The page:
2-63. That's if you don't know anything, where the chance of winning is 50% each game. To put this into perspective, that's about 250 times worse than winning back-to-back Powerball lotteries. Let's say you predict games correctly about 74% of the time, then the odds go up to a single Powerball.
In other words, don't be tempted by the lead that you will win $1MM if you get a perfect bracket. The time value of entering is well below the minimum wage.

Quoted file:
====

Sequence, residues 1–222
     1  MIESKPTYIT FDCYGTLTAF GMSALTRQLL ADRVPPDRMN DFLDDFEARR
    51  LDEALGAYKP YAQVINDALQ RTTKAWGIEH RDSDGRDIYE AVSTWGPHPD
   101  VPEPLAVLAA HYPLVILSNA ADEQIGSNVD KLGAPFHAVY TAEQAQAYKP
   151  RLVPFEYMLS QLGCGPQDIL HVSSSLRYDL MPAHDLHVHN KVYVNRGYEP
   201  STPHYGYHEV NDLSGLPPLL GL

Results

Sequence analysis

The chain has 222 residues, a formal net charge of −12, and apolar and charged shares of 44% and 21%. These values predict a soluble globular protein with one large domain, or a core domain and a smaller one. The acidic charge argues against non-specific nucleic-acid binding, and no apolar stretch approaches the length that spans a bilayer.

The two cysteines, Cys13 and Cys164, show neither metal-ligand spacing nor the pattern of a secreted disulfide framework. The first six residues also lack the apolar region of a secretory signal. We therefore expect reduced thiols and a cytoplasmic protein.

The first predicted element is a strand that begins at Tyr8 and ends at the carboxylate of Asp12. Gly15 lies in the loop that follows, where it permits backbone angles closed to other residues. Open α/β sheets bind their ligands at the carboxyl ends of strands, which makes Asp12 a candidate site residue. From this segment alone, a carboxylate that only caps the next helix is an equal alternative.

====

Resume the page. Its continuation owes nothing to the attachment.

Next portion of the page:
[for non-US readers, I'm referring to the annual college basketball, single elimination basketball tournament with 64 teams]
Most pools don't use a spread. If that's the case, it's no where NEAR 50/50 per game.
Thus your odds are several orders of magnitude off.
Eric writes, "Let's say you predict games correctly about 74% of the time..." -- isn't that about what you could reasonably expect betting each game without spreads? Seems to me he's already asked/answered your question.
well considering no one has ever won two mega lottos and people have picked every game right in the NCAA, i'd say yes, he has answered the question . . . incorrectly.
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